My last car cost $3,200. Last summer, when I put a set of American Racing Torq-Thrusts on it, I fretted over the $900 in wheels and tires I was spending. People who purchase cars from brands like Rolls-Royce and Bentley don’t have that problem. They drop $3,200 on lunch, not including the plane ticket. Here are a handful of the most ludicrous options you can purchase on an automobile today.
Gold Plated Spirit of Ecstasy – $8,650
The most expensive car I ever purchased cost exactly $100 more than the gold plating applied to the Spirit of Ecstasy hood ornament in the Rolls-Royce Ghost. Maybe it’s because I’m an introvert at heart, but “gold-plating” has always been synonymous with “tacky” to me, whether it’s on a Gibson Les Paul, a Coupe de Ville or a Rolls-Royce. For $8,650, I want more than just the “spirit” of ecstasy. I’m looking for the real thing.
21-inch Fully Polished Eleven Spoke Wheels – $10,375
So what makes a set of 21-inch Fully Polished Eleven Spoke Wheels on a Rolls-Royce cost $10,375? Maybe I’m reading that wrong. Maybe it’s not “Polished” like with wheel polish. Maybe its “Polished,” like “attended to by a manservant from Warsaw.” Some Eastern European guy comes along with the car and for ten grand, that fella does nothing but keep the brake dust off those bad boys. Suddenly, that seems like a bargain. Can I get that on my Roadmaster?
Extreme Silver Satin Paint – $26,280
What the hell could possibly make a different paint selection cost $26,280 on the Bentley Continental Supersports? Maybe they actually paint the car in a different color you don’t like and once you see it, they extort twenty-six grand out of you to change it from Chartreuse to something more sedate. They have to paint the car from the factory, right? What this is telling me is that the material alone costs $26,280. Unless it is made up of a suspension of the desiccated remains of Vladamir Lenin, $26,280 for paint is absurd. I’m also not sold on “Extreme.” What’s “extreme” about paint? Is it in “3D,” too?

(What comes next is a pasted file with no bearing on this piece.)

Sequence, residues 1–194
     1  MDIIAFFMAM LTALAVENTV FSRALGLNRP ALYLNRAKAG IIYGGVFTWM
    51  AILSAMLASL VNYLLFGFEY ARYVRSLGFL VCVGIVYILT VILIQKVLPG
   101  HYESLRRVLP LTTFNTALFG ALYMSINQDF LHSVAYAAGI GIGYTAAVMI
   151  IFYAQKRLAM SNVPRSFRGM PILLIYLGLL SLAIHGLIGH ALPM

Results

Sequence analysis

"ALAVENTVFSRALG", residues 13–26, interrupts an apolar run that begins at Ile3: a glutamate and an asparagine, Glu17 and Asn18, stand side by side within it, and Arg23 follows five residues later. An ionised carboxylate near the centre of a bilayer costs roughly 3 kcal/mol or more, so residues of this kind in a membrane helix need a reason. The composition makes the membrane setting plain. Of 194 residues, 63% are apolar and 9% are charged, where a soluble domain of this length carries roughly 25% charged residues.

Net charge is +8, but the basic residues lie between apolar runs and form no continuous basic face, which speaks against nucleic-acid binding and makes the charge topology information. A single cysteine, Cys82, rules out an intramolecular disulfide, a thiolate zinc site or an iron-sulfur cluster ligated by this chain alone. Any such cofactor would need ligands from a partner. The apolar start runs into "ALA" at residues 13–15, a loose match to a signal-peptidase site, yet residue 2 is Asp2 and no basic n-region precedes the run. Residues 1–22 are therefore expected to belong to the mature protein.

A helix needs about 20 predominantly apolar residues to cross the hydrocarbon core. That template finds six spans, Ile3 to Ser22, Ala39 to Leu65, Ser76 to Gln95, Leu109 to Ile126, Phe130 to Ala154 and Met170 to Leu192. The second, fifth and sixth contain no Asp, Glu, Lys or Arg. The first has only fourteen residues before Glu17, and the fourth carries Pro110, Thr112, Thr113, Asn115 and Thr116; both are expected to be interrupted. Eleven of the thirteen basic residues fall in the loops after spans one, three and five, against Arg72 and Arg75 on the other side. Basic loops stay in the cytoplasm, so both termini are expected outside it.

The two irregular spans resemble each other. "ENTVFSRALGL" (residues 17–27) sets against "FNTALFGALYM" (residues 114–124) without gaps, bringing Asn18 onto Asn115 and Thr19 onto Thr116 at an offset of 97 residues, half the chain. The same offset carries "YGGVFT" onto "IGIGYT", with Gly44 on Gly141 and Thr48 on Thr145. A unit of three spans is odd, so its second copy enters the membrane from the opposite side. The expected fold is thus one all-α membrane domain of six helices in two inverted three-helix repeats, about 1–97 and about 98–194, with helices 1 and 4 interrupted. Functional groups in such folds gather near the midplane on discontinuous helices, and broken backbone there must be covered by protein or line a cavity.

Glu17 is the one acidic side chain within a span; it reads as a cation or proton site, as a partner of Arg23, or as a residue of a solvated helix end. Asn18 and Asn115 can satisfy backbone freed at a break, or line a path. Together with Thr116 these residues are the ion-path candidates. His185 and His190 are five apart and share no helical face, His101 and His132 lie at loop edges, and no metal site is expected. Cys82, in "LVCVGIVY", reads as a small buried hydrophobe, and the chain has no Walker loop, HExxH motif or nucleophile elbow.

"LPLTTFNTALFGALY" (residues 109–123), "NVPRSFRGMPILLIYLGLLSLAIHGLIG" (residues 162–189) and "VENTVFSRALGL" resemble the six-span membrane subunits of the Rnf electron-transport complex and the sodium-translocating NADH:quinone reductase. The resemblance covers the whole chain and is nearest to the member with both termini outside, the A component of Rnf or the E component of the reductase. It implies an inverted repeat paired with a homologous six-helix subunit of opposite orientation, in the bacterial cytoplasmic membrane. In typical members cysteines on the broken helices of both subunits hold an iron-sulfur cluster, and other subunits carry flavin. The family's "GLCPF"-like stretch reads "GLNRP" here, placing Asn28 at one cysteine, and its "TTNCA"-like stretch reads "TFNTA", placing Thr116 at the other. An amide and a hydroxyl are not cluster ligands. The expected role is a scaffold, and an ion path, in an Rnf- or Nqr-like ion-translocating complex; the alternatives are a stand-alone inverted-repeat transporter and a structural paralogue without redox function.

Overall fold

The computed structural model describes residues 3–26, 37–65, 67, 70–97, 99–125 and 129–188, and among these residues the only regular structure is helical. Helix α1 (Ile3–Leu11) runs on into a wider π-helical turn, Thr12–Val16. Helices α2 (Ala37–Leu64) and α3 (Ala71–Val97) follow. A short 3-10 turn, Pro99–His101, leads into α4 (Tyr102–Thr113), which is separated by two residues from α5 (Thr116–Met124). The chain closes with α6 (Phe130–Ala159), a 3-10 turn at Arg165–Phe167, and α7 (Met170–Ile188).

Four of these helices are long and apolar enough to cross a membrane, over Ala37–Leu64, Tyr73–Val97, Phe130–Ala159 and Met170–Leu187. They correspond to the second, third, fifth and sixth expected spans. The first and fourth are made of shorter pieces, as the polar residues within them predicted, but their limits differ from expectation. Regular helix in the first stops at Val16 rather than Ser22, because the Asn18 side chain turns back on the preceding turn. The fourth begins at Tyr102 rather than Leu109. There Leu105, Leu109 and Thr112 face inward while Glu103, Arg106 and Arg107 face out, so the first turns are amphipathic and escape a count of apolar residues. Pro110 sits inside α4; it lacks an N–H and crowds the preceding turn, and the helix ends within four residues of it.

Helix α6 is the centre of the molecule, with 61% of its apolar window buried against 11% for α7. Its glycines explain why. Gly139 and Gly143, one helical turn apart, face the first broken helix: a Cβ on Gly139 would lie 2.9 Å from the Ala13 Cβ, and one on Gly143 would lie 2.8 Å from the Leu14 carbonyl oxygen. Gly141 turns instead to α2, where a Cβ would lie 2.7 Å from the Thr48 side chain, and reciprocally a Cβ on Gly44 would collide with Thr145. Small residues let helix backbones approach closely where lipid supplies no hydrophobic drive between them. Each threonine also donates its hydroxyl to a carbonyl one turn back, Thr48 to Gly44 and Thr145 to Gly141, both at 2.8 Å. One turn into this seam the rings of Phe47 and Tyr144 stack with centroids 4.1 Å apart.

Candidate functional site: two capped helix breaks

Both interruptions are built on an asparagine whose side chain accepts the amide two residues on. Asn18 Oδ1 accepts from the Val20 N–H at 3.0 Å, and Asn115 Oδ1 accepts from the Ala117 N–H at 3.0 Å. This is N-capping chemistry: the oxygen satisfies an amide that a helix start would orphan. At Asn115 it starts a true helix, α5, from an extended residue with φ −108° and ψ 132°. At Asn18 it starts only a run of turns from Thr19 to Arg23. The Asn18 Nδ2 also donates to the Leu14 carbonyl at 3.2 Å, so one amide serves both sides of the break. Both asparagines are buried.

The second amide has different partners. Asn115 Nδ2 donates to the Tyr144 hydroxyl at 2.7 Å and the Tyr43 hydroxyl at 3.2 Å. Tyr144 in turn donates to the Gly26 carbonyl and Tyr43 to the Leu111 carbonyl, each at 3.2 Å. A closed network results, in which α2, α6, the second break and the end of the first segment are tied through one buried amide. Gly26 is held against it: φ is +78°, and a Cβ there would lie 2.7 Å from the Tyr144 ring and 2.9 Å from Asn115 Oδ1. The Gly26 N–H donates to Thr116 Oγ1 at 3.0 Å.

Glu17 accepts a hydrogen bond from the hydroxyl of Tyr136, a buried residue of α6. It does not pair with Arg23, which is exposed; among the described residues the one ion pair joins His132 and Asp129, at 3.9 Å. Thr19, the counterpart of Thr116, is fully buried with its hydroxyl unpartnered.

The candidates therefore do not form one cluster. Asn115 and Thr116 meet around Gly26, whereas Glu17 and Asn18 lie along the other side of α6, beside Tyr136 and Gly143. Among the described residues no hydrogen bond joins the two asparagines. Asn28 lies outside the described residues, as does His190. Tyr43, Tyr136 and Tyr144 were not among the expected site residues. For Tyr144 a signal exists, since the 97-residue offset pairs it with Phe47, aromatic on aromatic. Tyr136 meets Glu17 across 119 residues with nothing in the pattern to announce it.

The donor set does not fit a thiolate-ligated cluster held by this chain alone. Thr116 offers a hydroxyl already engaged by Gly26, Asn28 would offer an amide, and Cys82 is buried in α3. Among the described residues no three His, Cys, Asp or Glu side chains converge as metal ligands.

Starlight Headliner – $12,350
For the price of a well-equipped Nissan Versa, you can have a headliner in your Rolls-Royce that is lit with 3,000 fiber optic doohickeys as a means of enjoying a starlit sky even when the weather is crappy. My nine year old daughter has a similar feature in her room, courtesy of a large pack of glow-in-the-dark stars she carefully applied to her ceiling. Seven bucks at A.C. Moore, and you can put them in any arrangement you want. Hers spell out “Katie.” Take that, Rolls-Royce.
The first time I saw a Bang & Olufsen audio system at Tech HiFi circa 1981 (Mary, Mother of Jesus, I’m old). It was wild, man, with a kooky cassette deck and a wild turntable that looked like it came out of Space: 1999. With the B & O system in the Audi A8, you don’t get to look at anything cool. It just sounds better, I guess, with 1400 watts and 19 speakers. I was listening to an interview with John Fogarty on WTF the other day and he was talking about how all the great music he made with Creedence Clearwater Revival was all made to sound good through a single paper cone speaker on the dash of a 1967 Pontiac and an AM radio. Is “Green River” really going to sound that much better at $6,300?
Chrome Jack with GT-R Logo – $299
This isn’t the most expensive option, per se, but it’s certainly one of the most ridiculous. You’ve just laid out $116,700 for a Nissan GT-R Track Edition and you’re looking at the option list. There it is, a Chrome Jack for three hundred bucks. Even the description makes you feel like a sap for even considering it. “On a supercar, even the jack is super-special. This one is chrome and features the GT-R logo.” It should read: “Here’s a $300 jack, idiot.” Oh, and if you want the rod that makes the jack work? That’s another eight bucks. $307 buys a lot of AAA.